St. Michael, I beg you to send angels to watch over fourth-graders who are struggling to read, because the righteous among us are not doing the job.

For more on this topic see:


Anonymous said...

Dear Garrison: For many years I have enjoyed your radio shows and now I have especially enjoyed your column here regarding Reading First and phonics. It is refreshing to see someone cross political boundaries, from whichever side to the other, to stand up for what is obviously the truth.

I am one of many parents in Illinois who fought the phonics/math battles when our kids were in public school during the 1990s. My wife and I surrendered early for the sake of our kids, pulled them out, home-schooled them, and then sent them to a high-standards prep school (Catholic, incidentally). In parallel with this I spent years participating in the "reading wars" and communicating with other parents about the travesties going on in the public schools. Eventually a friend and I put our assembled data on a site designed to inform parents about all this stuff, at

Like you I became incensed after reading the NAEP "report card" (of 1994) describing the inconceivable depth of our national reading disaster. Consequently I spent five years of my life producing a phonics-based after-school reading program that I had hoped would eventually become my career. It succeeded brilliantly in teaching about 500 kids to read, but fell victim to the 2001 recession and subsequent job shortage in the Chicago area. But I left the web site up at Maybe you will find some gems there; this site doesn't just complain about problems - it offers solid solutions.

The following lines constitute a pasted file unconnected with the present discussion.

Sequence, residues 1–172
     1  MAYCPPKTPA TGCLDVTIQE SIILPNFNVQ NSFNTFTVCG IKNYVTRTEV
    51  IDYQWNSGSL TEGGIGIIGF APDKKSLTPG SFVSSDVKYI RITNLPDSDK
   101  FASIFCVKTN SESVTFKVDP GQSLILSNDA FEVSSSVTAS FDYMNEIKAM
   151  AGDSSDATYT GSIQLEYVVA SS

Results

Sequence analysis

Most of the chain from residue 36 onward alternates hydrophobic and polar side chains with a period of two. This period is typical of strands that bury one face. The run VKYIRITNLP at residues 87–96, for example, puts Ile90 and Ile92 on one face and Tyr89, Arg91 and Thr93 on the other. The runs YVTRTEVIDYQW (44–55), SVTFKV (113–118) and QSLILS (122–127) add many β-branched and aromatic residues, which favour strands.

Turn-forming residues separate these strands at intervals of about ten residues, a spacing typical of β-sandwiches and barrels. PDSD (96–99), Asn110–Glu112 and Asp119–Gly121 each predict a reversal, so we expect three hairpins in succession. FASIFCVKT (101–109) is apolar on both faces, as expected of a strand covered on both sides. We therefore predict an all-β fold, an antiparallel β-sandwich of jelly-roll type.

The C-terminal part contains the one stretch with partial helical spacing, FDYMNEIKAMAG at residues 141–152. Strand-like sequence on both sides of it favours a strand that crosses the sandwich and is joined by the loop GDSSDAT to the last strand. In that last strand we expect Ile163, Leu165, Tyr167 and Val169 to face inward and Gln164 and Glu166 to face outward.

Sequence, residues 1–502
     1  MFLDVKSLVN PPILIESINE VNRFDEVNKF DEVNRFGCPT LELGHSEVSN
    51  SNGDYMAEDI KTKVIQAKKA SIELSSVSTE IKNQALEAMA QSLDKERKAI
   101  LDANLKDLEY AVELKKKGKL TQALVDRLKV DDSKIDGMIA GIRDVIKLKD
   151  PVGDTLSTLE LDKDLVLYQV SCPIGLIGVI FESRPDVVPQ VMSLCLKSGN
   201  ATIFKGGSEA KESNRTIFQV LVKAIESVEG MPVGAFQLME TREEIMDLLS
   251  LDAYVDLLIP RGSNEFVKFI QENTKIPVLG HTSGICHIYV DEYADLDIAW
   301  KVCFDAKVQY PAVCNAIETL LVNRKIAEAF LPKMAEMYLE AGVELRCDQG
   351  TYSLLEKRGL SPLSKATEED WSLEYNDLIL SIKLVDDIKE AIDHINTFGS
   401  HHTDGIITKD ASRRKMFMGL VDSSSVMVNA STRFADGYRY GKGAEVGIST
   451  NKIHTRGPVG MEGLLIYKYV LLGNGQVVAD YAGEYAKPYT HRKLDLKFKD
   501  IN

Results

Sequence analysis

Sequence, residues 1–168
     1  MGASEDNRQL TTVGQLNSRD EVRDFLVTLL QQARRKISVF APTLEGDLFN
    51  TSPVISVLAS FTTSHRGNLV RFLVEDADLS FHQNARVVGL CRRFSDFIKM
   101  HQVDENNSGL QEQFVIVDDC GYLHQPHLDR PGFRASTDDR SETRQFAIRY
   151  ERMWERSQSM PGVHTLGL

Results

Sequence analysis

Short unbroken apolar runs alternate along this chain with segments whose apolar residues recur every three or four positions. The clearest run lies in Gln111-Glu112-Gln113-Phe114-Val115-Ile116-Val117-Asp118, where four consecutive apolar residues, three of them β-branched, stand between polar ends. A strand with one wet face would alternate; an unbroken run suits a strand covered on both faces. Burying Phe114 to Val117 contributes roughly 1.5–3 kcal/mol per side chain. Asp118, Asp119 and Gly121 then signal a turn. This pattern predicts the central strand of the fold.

On behalf of the parents struggling against this arrogant and utterly unreformable system I thank you. I hope you find some solace in knowing that there are many others who share your view, and that you will perhaps find some items that interest you on (try the menu item Subjects->Reading for starters).

Keep up the battle. Maybe enough of us all together can topple this monster.

Anonymous said...

The National Reading Panel report and Reading First are important advances in reading instruction, but they're incomplete. As Dr. Dan Willingham states, "RF has become crystallized as the final word on reading in state and federal legislation..." Published in 2000, the NRP report said nothing about background knowledge or spelling and important evidence continues to accumulate supporting synthetic phonics as the most effective way to teach decoding skills (The Rose Report).

Unfortunately, Reading First doesn't discern between the most effective phonics programs (synthetic phonics) and less effective methods. Reading research has moved on...It's time for RF to catch up. We need to teach our kids to read by using an evidence-based synthetic phonics approach.